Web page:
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5 Explanations for non-sustainable behavior

Stopping climate change requires a change in behavior. But people are still not always happy to do so. We describe five common psychological explanations why people sometimes behave in a non-sustainable way.

Stopping climate change requires a change in behavior. There's no way escaping that. Or is there? Consumers and businesses face daily choices, and unfortunately, the sustainable option doesn't always "win". Or at least not frequently enough. How is that possible? Because most people do know that climate change is happening, and that it has many negative consequences. Below, we describe five common psychological explanations why people sometimes behave in a non-sustainable way. Do you recognise them in yourself and others?

1. Immediate change vs. future outcome


Climate change is a significant and urgent problem that we will all eventually confront. Therefore, we should act on it now. However, exactely this difference in time and the lack of immediate results often lead people to choose the non-sustainable option. The non-sustainable option often provides instant results, such as arriving dry at work by taking the car or quickly reaching a vacation destination by taking a flight. In contrast, the effects of climate change are not immediately visible, leading people to opt for convenience and immediate rewards, diminishing the importance of sustainable behavior.

2. We humans: social creatures

Humans are social creatures, and social norms are crucial to us. This works both ways, positively and negatively. People seek confirmation in others' behavior but also look for excuses. Why make difficult, sustainable choices when others, or other countries, do less? What impact can an individual really have, especially when large companies contribute significantly to pollution? However, embracing the idea of "Be the change you want to see in the world" and "A better world starts with yourself" diminishes excuses for non-sustainable behavior when more people choose sustainability.

3. We humans: creatures of habit

Sometimes people do what they do simply because it's what they've always done and are accustomed to. Resistance to changing habits is common, such as the reluctance to adopt a vegetarian diet or choose eco-friendly transportation. The good news is that, on average, it takes two to three months to develop a (completely) new habit, and the Earth benefits from this change for the rest of your life. Read more about habits and how to change them.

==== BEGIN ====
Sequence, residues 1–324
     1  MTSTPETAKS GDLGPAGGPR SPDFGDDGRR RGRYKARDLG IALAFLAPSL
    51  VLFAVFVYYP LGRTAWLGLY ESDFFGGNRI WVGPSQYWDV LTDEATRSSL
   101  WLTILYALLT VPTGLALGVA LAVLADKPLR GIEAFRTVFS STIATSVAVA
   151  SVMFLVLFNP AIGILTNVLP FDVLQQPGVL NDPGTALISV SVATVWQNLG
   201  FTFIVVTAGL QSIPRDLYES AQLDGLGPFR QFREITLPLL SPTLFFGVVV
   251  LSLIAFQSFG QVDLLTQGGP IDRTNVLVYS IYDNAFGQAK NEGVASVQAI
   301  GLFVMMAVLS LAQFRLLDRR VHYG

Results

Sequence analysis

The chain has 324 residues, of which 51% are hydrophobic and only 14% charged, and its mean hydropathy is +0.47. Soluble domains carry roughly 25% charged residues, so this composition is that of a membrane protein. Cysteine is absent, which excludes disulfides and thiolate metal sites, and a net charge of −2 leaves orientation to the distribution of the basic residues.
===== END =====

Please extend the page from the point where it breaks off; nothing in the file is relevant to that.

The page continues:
4. Resistance to behavioral influence

Autonomy is crucial for many people; they prefer making their own choices and dislike being told what to do. Attempts to influence behavior can trigger resistance. People may even feel motivated to do the opposite of what is requested, a phenomenon known as psychological reactance. This resistance also plays a role in behavior change regarding sustainability when individuals feel pressured to make eco-friendly choices.

5. Difference in locus of control

Do you believe that your individual behavior can make a difference, both in your life and on a larger scale? This perspective is associated with your locus of control.

Internal locus of control: Those with an internal locus of control believe that their behavior influences the world around them, and they feel responsible for the outcomes.

External locus of control: Those with an external locus of control believe that their behavior has little impact and that external factors or players, like governments, large corporations, or technological developments, play a more significant role.

So, is there still hope?

Reading this article might evoke the described psychological reactions, making you reluctant to change your behavior. Because if making non-sustainable choices is human, why should you do otherwise (social norm)? Or what impact do you, as an individual, really have (locus of control)? And perhaps you feel resistance because we may be trying to influence you with this article (psychological reactance)?

We conclude with some inspiration. Behavioral change doesn't always have to be grand, happening on all fronts simultaneously. Keep it manageable for yourself and look at the steps you are already taking. Because every time you choose sustainability, it is a pure gain for our planet.

3 Easy Tips for Sustainability

Here are three simple changes with which you can have a direct and effective positive impact on the climate:

Change what you eat. Your choice of food can make a significant difference in terms of environmental impact. Opt for vegetarian or vegan options more often. Worldwide livestock farming has a massive impact on climate change. For example, if all Dutch people were to eat half as much meat annually, we would save 10.8 megatons of CO2-eq.

Change what you buy. Purchase more second-hand, refurbished items, or refrain from buying altogether. Often, you can also borrow or rent items. And if you do buy something, go to the store by bike. Online ordering and all associated transport have a tremendous impact on climate change.

Change how you travel. It's a well-known suggestion, but we still want to mention it. Transportation is still globally responsible for about a quarter of all greenhouse gas emissions. Every kilometer traveled using fossil fuels has an impact on our climate. Ask yourself each time: Can I make this trip with less CO2 emissions? If the answer is yes, well, then you know what to do.

Want to know more about sustainability? And how your organisation can take steps? Contact us via info@hhc.earth.


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This article is written by:
Clara
Clara
Head of communications
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